Phone calls between prison inmates and their families and friends often are timed, recorded and prohibitively expensive. It can cost 21 cents per minute to make calls between states — and for calls within states, rates can exceed $1 per minute. As a result, phone bills may run up to hundreds of dollars a month — a financial burden that many inmates and families can ill afford, says the Washington Post in an editorial. Because prisons receive commissions from contracts with phone companies, they choose the service providers that offer the best kickbacks, not the ones that offer the best and most affordable services to inmates. The providers try to make up the cost of kickbacks by charging higher fees. The result is a system that profits from the vulnerability of those behind bars, says the newspaper.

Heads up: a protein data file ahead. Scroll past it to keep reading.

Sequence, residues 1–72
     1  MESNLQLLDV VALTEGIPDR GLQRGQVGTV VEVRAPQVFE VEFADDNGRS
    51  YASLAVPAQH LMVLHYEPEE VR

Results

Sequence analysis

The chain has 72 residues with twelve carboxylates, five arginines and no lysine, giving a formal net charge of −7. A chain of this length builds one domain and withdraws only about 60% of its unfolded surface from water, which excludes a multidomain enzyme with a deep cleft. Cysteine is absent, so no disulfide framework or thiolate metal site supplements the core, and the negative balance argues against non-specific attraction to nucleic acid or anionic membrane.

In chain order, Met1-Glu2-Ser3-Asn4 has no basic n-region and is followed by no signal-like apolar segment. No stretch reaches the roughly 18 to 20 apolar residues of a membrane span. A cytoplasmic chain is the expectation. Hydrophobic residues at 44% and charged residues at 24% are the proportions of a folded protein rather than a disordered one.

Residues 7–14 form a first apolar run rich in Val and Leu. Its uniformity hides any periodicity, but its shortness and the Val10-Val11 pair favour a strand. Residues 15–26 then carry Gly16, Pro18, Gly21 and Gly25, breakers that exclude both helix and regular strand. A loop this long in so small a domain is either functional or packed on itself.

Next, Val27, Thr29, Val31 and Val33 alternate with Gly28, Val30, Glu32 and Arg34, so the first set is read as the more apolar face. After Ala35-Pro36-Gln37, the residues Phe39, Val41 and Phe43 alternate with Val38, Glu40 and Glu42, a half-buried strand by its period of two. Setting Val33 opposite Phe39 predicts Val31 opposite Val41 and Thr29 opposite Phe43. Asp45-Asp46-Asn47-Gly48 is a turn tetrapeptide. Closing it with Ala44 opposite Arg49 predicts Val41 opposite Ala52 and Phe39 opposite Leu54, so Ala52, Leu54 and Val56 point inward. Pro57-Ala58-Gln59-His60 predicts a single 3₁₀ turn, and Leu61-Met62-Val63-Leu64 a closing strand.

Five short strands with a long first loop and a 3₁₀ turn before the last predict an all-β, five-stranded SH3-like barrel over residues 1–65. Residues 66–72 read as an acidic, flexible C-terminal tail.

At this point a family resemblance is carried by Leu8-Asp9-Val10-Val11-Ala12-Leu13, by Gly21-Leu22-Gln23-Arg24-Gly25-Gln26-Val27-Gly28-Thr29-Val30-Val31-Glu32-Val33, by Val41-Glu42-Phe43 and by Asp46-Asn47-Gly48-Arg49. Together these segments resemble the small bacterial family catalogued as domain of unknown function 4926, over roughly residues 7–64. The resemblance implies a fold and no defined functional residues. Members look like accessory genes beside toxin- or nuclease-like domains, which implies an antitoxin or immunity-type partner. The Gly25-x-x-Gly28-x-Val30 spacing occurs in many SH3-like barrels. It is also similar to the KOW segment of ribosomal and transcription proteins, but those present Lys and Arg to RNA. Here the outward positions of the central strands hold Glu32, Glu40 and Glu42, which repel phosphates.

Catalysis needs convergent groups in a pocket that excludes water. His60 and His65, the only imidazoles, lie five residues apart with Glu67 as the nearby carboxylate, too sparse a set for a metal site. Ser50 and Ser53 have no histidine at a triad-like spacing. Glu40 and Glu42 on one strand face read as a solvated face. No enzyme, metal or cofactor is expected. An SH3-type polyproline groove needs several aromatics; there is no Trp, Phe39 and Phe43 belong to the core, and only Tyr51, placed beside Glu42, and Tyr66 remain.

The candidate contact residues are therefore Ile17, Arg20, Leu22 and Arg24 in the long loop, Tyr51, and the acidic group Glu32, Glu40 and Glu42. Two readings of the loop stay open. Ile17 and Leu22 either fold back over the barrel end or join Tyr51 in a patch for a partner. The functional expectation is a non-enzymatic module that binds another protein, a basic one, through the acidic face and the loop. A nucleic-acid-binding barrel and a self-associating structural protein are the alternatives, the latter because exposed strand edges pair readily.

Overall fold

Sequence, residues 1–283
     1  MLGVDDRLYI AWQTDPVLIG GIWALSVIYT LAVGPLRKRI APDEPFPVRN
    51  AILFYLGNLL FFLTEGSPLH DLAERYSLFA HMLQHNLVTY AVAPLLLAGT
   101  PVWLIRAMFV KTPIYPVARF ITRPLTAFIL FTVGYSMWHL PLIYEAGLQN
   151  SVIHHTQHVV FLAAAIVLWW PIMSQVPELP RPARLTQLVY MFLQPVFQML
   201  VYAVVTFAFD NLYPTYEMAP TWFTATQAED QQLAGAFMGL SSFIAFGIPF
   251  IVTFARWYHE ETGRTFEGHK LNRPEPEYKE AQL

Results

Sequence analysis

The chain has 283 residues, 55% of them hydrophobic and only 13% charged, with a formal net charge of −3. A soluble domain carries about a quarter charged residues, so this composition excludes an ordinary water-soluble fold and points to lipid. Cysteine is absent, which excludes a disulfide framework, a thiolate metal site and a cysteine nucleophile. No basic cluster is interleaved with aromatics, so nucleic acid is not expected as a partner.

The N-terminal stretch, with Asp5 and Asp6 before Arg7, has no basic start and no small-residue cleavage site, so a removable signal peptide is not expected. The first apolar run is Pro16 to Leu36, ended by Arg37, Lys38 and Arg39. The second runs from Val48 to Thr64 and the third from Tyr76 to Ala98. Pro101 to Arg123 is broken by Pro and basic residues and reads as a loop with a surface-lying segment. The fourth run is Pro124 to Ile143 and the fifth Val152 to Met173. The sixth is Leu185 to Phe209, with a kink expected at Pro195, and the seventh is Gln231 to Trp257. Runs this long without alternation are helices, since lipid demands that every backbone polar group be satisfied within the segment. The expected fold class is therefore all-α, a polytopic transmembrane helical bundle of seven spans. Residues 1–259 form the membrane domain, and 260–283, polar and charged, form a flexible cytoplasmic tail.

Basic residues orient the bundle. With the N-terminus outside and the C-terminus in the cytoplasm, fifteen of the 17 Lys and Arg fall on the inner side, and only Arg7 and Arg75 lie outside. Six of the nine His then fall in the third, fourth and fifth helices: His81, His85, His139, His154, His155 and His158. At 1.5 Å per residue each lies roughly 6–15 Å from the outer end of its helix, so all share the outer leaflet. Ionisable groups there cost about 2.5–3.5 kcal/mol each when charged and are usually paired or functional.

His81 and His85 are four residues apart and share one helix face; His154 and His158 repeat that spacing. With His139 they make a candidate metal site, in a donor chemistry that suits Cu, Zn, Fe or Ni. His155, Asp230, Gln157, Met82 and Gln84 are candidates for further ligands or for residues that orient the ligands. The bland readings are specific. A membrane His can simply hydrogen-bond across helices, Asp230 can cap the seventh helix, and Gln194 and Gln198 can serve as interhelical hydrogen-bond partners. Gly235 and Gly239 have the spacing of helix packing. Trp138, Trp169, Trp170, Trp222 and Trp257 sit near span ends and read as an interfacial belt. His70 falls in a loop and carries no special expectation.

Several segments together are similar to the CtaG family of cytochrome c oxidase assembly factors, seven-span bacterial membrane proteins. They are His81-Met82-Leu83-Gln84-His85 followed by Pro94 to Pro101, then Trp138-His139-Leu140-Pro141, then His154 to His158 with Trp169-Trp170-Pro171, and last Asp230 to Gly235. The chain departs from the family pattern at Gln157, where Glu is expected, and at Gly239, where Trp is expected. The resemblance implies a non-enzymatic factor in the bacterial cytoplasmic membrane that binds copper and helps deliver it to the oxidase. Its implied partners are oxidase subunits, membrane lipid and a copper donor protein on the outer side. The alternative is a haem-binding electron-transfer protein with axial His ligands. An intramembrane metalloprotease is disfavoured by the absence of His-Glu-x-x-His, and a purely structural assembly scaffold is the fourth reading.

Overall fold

A federal appeals court said the FCC did not have the authority to regulate intrastate calls, so such calls have become more costly and the situation could get worse. In May, Securus Technologies said it would acquire a competitor, Inmate Calling Solutions. If the FCC approves the deal, Securus and Global Tel Link would control as much as 90 percent of the market. The acquisition would create a duopoly in an industry that already suffers from lack of competition. The FCC found that Securus provided false and misleading information in an attempt to expedite a review. The company has come under criticism for creating a website that allowed law agencies to track non-inmates without permission. The FCC is reviewing the deal. Blocking the acquisition would not solve the issue of exorbitant prison phone rates; that is a problem for Congress and states to tackle. It would deliver a deserved rebuke to profit-hungry phone companies and the correctional facilities that have enabled them, the newspaper says.